By Quintus Colombage
With Sri Lanka President Maithripala Sirisena vowing to appoint a new Cabinet on Dec. 17, civil rights groups, writers, artists, and journalists have taken to the streets to demand democracy be respected.
The country is reeling from a seven-week constitutional crisis sparked by his attempt to replace Prime Minister Ranil Wickremesinghe on Oct. 26. The situation took a fresh turn this week as the protesters, who were dressed in black and sporting pro-democracy banners and posters, assembled at Lipton Circle in Colombo on Dec. 12. Their demonstration came one day before the Supreme Court delivered its verdict stating that Sirisena’s dissolution of parliament last month, and his attempt to hold a snap election two years ahead of schedule, was unconstitutional.
Dissolving parliament was seen as a last-ditch attempt to keep the man he nominated for prime minister, ex-president Mahinda Rajapaksa, in power. This became necessary after Rajapaka was not able to raise a majority. But on Dec. 13, a seven-judge bench ruled unanimously that the 225-member House could not be sacked until it was four-and-a-half years through its five-year term. This has put Sirisena under intense pressure.
Activists, who have called for cleaner politics, say they dread to think what his next move will be in this bizarre game of chess. Some who spoke to ucanews.com said it was the duty of the president and elected representatives, the legislature, and the executive to listen to the same public that voted them into power.
“We have been forced to voice our concerns on the streets, as the president and some parliamentarians have violated the charter,” said Brito Fernando, president of the Families of the Disappeared Organization. “Not even the president is above the constitution,” he said, surrounded by activists shouting pro-democracy slogans.
Wickremesinghe has always maintained his dismissal was in breach of the charter and refused to accept it. Like Rajapaksa, he said he would not surrender the post. Now concern is growing about the ramifications of Sirisena’s “illegal” power play on the economy, not to mention the damage being done to ethnic and religious harmony.
The United States has already suspended a US$400-million deal for infrastructure projects while international credit agencies have lowered their ratings for the country due to the political instability.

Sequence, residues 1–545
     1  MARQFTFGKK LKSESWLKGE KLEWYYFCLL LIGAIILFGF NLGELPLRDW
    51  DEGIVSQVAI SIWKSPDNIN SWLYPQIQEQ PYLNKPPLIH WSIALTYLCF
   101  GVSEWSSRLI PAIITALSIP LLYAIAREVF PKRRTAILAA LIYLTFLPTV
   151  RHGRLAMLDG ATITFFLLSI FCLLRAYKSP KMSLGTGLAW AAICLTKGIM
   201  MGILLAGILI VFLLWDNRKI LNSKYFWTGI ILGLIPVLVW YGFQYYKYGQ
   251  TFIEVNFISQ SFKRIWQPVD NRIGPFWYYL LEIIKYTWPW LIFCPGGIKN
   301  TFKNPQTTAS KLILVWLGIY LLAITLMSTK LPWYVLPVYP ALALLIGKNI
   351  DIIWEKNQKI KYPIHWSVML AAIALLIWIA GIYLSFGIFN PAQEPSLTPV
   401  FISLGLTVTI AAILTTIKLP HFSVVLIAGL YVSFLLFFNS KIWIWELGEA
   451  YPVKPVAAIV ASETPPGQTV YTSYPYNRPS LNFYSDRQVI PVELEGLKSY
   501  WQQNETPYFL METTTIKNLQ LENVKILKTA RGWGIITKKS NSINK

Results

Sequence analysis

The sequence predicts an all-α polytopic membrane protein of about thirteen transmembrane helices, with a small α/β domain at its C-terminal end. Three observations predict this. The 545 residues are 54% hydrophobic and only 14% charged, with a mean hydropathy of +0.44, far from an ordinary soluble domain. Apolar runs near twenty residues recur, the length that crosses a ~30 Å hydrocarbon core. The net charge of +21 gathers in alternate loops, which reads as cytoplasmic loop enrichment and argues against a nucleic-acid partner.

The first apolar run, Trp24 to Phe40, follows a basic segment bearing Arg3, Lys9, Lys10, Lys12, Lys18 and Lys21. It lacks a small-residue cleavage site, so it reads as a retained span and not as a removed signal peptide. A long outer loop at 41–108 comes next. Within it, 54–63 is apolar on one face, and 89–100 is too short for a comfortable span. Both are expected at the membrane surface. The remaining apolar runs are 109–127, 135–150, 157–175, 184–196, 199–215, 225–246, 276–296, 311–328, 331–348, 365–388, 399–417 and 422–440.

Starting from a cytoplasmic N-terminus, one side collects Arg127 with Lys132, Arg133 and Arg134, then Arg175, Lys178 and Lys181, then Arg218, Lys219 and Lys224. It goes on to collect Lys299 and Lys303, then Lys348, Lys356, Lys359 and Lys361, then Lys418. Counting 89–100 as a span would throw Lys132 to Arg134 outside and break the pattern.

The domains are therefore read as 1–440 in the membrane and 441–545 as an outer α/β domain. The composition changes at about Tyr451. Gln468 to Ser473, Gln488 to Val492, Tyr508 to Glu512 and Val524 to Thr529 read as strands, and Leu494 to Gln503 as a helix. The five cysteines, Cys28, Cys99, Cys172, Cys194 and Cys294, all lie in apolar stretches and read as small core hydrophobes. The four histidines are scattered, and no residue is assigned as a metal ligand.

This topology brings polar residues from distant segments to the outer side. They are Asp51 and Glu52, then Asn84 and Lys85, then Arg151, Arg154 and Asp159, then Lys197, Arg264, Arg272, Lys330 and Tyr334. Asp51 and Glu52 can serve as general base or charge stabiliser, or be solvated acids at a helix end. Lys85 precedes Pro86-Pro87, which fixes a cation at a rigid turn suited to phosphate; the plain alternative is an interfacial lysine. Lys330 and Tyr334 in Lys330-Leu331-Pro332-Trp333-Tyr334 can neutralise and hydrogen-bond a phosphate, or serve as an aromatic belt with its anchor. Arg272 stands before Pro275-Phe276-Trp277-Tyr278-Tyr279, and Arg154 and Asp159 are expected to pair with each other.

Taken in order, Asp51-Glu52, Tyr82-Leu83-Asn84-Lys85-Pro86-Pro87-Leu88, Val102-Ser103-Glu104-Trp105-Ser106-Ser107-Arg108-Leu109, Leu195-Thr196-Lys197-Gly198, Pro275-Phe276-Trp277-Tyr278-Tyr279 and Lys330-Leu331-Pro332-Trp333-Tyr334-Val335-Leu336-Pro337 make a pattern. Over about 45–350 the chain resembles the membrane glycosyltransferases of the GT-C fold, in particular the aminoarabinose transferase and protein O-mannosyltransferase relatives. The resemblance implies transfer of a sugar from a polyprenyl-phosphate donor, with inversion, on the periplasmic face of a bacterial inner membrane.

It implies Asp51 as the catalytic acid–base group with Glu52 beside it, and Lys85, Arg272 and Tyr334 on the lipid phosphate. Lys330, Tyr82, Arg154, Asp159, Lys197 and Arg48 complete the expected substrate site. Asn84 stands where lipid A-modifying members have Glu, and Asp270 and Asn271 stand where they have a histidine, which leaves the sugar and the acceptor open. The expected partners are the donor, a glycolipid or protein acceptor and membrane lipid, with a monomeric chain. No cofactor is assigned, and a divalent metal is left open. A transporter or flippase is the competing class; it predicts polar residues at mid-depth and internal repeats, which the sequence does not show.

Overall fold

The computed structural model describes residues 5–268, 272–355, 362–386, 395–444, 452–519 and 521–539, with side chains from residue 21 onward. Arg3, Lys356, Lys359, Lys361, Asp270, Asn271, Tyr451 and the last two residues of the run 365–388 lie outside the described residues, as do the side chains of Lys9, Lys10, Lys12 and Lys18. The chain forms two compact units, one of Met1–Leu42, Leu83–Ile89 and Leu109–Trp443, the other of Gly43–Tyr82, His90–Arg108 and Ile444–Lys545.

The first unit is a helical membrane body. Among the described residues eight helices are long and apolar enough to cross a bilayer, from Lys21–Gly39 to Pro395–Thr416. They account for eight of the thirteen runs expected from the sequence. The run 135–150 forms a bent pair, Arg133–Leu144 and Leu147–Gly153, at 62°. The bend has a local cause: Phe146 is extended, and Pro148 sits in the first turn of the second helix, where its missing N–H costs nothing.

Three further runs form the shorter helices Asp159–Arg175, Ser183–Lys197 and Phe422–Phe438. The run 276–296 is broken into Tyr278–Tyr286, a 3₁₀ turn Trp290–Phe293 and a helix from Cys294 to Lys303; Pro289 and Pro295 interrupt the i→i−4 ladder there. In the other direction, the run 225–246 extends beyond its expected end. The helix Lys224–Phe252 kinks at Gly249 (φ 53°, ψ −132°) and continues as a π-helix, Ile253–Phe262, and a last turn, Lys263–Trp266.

“Sirisena acted like a dictator by unilaterally dissolving parliament and nominating Rajapaksa,” Fernando said.
The president is not satisfied with the Supreme Court’s verdict on Rajapaksa’s appeal, Nishantha Muthuhettigamage, the deputy minister for ports and shipping, told dailymirror.lk.
“President Sirisena has confirmed he would be seeking a second opinion after the Supreme Court ruling with regard to Mahinda Rajapaksa’s appeal against the interim order given by the Court of Appeal barring him and the Cabinet from functioning,” Muthuhettigamage said.
He also said he would allow whichever party gains a majority in the House to govern the country, Muthuhettigamage added.
The legislature has passed at least two no-confidence motions against Rajapaksa, who served as a controversial but popular president at the end of Sri Lanka’s 26-year civil war. On the same day that the protesters marched in Colombo, parliament passed a vote of confidence in Wickremesinghe as prime minister.
“Whatever the Supreme Court says, we still have to campaign and fight for our rights,” Fernando said before the verdict was announced. He described politics in Sri Lanka as “big business.”
“We have to struggle to build a more positive political culture where people’s voices are actually heard,” he noted.
The United Nations has called on the government to respect democratic values and constitutional provisions and process, uphold the rule of law, and ensure the safety and security of all Sri Lankans.
Religious leaders have also united in their calls to end the political crisis, while Jayathilaka Kammallaweera, one of Sri Lanka’s leading short story writers, said the country’s sovereignty must be safeguarded. “We also oppose all media outlets that give ‘generous’ coverage to religious extremists. We stand for democracy,” Kammallaweera said.
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